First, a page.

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The RSA says the World War 1 medals stolen from a package destined for Dunedin will be almost impossible to sell and is pleading with the culprits not to dispose of them.
Police on both sides of the Tasman are hunting a thief who took 12 medals awarded to Kiwi Anzac trooper Herbert George Garratt, who served with the New Zealand Mounted Rifles Brigade at Gallipoli and the Royal New Zealand Air Force in World War 2, and was a founding member of the Wellington Gallipoli Veterans' Association.
Six medals, six miniature medals, a Gallipoli lapel badge, an RSA badge, a ribbon bar, service records and medal photographs were sent to a Dunedin address in a padded post bag from a Melbourne post office on February 4.
But when the bag arrived in Dunedin on February 12, the contents had been tampered with and only the service records and photos remained.
The bag had been resealed with tape. RSA chief executive officer David Moger was ''utterly shocked and appalled'' at the theft.
''It may well have been that they [the medals] were on their way to a family who was hoping to wear them on Anzac Day.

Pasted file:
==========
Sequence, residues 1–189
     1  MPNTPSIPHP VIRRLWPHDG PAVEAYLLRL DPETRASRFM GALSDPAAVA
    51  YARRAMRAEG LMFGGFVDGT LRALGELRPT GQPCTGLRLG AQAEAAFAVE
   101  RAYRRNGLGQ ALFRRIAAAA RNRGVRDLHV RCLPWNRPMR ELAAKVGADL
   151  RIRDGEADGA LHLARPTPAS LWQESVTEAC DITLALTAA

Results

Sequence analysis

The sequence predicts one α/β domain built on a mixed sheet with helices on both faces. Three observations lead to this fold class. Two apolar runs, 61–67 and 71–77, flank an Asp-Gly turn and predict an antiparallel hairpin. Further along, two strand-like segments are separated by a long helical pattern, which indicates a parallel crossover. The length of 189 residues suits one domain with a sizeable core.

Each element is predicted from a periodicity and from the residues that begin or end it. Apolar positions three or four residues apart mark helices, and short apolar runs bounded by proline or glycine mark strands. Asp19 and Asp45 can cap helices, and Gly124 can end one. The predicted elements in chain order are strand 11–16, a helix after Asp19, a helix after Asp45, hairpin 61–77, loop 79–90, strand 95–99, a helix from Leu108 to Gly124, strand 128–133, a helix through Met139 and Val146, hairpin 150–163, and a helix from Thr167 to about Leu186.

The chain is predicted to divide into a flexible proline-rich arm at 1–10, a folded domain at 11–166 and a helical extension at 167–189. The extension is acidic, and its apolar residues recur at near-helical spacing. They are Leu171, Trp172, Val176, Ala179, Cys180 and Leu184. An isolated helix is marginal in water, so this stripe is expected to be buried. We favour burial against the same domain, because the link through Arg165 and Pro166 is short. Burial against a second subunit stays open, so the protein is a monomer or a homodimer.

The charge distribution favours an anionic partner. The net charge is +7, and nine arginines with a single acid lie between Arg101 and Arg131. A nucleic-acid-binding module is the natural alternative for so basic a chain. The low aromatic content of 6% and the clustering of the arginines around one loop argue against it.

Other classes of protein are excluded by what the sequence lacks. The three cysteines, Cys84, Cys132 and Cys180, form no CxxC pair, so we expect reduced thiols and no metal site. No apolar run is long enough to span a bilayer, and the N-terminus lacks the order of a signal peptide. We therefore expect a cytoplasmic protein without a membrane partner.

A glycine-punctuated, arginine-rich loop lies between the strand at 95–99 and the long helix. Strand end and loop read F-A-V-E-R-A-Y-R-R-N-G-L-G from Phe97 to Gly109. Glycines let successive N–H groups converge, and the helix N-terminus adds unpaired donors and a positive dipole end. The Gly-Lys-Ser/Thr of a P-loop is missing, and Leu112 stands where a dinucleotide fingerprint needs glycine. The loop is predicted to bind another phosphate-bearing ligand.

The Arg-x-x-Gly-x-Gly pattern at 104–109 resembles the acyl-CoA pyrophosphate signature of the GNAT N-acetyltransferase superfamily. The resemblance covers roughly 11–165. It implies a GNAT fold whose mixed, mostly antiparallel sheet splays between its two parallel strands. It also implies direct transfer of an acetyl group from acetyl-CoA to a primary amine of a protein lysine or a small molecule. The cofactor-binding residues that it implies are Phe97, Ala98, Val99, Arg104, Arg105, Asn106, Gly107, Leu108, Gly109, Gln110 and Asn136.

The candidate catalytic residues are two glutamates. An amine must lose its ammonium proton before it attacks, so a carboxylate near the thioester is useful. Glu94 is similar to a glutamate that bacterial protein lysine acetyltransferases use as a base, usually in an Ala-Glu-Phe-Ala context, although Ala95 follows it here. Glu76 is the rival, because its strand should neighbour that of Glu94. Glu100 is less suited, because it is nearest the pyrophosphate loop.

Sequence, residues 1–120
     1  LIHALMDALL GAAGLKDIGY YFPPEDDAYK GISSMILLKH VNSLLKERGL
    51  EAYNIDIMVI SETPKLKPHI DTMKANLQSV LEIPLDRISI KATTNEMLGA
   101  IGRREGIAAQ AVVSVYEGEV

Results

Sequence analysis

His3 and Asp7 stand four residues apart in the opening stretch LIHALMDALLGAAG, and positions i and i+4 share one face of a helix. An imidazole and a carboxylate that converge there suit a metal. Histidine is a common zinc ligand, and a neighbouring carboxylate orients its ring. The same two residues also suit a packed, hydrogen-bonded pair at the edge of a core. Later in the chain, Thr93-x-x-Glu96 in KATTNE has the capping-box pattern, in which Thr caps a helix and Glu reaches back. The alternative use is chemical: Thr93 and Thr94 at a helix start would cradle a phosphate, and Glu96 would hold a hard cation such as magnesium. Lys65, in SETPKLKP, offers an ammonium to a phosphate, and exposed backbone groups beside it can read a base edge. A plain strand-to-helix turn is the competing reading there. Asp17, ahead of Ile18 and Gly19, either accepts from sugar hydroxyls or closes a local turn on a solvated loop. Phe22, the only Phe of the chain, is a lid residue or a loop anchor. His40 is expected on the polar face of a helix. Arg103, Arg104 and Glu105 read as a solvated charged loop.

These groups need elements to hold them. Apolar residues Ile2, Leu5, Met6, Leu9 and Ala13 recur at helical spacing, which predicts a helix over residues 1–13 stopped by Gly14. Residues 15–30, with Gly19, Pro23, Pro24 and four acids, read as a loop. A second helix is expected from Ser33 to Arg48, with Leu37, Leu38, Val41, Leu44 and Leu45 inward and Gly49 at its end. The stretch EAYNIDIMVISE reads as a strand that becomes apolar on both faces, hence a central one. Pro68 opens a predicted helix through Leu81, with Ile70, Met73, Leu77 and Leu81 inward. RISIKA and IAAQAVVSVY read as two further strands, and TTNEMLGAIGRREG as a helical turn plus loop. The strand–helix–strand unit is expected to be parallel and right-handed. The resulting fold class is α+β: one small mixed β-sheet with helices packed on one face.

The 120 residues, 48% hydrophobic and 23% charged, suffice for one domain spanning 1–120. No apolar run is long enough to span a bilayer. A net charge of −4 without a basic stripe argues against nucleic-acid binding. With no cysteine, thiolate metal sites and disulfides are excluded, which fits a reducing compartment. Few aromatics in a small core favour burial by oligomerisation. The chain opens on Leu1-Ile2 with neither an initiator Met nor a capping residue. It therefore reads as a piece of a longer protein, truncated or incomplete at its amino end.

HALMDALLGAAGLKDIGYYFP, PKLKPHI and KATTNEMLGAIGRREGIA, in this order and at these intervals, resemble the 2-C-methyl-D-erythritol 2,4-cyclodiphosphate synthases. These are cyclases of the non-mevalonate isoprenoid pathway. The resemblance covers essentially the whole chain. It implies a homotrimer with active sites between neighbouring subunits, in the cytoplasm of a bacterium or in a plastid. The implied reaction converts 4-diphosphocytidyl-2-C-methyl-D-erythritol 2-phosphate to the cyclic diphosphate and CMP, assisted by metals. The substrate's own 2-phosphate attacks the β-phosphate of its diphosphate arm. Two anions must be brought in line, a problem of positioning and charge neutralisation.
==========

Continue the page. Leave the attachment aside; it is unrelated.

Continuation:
''To have lost them at this moment is absolutely awful.''
He speculated the culprit(s) took the medals because they thought they might be able to sell them to a private collector.
''There are also authentic medal collectors, but I would like to think they would check the provenance of the medals before they took possession of them.
''Our deepest fear is that they [the culprit(s)] will realise that these are quite hot property, as it were, and that they are getting a lot of attention, and they would just dispose of them in some shape or form.''
That would be an ''utter disaster and such a travesty''.
''They represent something that can never be repeated. That service and sacrifice can never be repeated, and the personal value of them is huge.''
He called on the culprit(s) to put the medals in an envelope and anonymously drop them into any RSA so they could be returned to their rightful owner as soon as possible.
Dunedin medal collector Brian Connor said there had been an upsurge in interest in similar medals in the past couple of years, as the centenary of World War 1 arrived.
The medals stolen were mostly standard issue, apart from a long-service medal.
Fifty years after the war, the Government issued a Gallipoli medallion and a lapel badge.
While the medals might not be expensive to buy, they would be valued by collectors.